By then]it had begun to rain, making the already dangerous turns lethal. “Has anyone ever died on this course?” I asked my driver, and no sooner had a said that than we saw a cyclist wipe out. Immediately Luc pulled over and rushed over to the fallen man. We were not allowed to assist him, of course, but the driver asked the cyclist, in French, if he was okay. The cyclist nodded, not seeming to notice the blood pouring out of a seven-inch gash on his leg. He took a swig of water and pushed off. Luc nodded in appreciation as the man rode away. “These people are alone out here,” he said. “We need to take care of them. We need to show them the right way to go.”

My T2 consisted of being able to stand on two legs again and praise the earth. Luc dropped me off at one of the marathon aid stations, where I was to pass out cups of water and clap.
Now, I live in New York City, where the New York Marathon is treated like a block party that happens to be about 40,000 blocks long. Runners pass a funk band playing the theme from “Rocky” on Staten Island, then a bunch of drag queens dressed like Flo Jo in Bedford-Sty. In Manhattan, there might be a gospel choir singing about not giving up, or a team of flamenco dancers saluting you with little silk scarves. Many of the spectators wear costumes, and even some of the runners, too. I’ve seen a marathoner in a tuxedo and, last year, two Scottish men wearing kilts. We all begged of them to show us their undergarments, but they waved us off.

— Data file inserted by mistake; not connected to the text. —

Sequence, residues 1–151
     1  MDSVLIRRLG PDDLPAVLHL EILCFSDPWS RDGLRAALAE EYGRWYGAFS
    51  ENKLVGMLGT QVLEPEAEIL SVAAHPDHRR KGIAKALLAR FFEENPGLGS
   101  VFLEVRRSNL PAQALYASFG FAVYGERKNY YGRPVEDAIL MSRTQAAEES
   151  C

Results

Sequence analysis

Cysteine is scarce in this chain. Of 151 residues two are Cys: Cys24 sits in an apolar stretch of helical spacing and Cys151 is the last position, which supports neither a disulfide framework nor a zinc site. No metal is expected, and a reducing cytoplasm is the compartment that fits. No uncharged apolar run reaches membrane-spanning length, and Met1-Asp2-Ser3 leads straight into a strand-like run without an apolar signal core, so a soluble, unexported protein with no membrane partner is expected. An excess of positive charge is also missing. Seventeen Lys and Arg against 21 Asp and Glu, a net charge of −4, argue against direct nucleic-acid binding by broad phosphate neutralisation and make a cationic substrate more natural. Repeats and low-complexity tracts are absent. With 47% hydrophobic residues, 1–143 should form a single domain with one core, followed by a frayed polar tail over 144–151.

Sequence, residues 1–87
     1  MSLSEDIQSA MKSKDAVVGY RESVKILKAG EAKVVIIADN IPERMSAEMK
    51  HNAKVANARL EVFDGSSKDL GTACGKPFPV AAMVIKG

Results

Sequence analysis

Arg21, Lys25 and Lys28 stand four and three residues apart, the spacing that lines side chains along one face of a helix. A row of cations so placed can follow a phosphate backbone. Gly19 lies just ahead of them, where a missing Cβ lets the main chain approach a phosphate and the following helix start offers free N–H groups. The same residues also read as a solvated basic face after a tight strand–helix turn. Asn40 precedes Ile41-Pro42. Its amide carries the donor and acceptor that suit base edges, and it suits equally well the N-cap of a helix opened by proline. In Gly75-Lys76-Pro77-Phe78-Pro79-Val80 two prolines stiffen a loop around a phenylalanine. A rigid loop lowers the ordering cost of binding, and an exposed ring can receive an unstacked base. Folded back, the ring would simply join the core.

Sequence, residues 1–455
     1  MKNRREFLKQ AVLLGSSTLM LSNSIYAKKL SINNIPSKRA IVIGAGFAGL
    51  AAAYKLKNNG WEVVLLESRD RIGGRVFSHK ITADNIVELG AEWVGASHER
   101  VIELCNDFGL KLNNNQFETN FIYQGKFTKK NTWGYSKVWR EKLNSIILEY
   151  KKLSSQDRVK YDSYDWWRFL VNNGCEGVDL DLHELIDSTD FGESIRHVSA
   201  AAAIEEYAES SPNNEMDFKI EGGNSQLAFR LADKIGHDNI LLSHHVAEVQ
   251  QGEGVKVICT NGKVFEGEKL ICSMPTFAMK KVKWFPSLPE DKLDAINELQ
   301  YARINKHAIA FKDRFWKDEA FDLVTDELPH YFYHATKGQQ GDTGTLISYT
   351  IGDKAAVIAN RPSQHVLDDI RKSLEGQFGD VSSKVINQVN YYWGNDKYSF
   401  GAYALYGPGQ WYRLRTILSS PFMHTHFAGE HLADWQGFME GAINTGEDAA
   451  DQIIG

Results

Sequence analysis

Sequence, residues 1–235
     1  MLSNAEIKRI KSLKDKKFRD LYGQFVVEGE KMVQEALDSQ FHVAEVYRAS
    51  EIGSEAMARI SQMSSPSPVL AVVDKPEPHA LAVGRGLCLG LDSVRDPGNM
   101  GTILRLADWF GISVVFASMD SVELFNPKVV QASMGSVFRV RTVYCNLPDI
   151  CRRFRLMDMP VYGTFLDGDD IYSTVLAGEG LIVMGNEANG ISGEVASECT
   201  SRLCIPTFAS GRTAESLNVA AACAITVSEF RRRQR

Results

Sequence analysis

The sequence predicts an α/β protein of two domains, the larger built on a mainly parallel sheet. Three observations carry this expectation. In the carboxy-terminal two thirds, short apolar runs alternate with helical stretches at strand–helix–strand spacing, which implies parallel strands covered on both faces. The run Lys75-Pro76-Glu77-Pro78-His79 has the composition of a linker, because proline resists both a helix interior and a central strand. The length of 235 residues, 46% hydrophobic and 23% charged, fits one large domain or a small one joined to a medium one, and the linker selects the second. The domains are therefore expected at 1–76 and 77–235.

Anyway, this is what I am used to as an endurance-sport spectator: loud, louder, and loudest, and lots of New York accents. And day-glo wigs. The volunteers at this aid station put us New Yorkers to shame.
Consider the group of volunteers who handed out the different colored wrist bands to mark the number of times the runners had done the loop:
Little girls in pink t-shirts handed out the #3 bands; little boys the #2 blue. A group of elderly woman handed out the black bands--#1. And I wondered what the implication of that color was, considering the stereotypical use of pink and blue. Anyway, the girls in pink giggled any time they handed their #3 bands to a particularly sweaty and glistening Adonis. The boys in blue kept trying to slip the bands onto the runners’ wrists as the runners passed (rather than just handing the bands out), but the boys missed a lot, which meant the runners had to stop and lose a few seconds. The boys would then snigger and scold one another for dropping the bands.
My favorite volunteer at this station was an elderly woman named Octavia, with long grey hair and perfectly manicured toenails, which she had painted gold. She jogged up to each of the runners as they approached, jovially mimicking their gaits, and blew them kisses as she handed them their black bands. Her face was wrinkled—probably from years of sun and smoking—but her eyes were merry and young. She made each and every runner smile. Later, I learned that she was 72 years old, and that she had been volunteering at the race for three years. “My grandson is an Ironman,” she told me. “I come here for him.” I loved the way the French said “Ironman”—kind of revving up on the “r.” Octavia seemed to be the quintessential volunteer.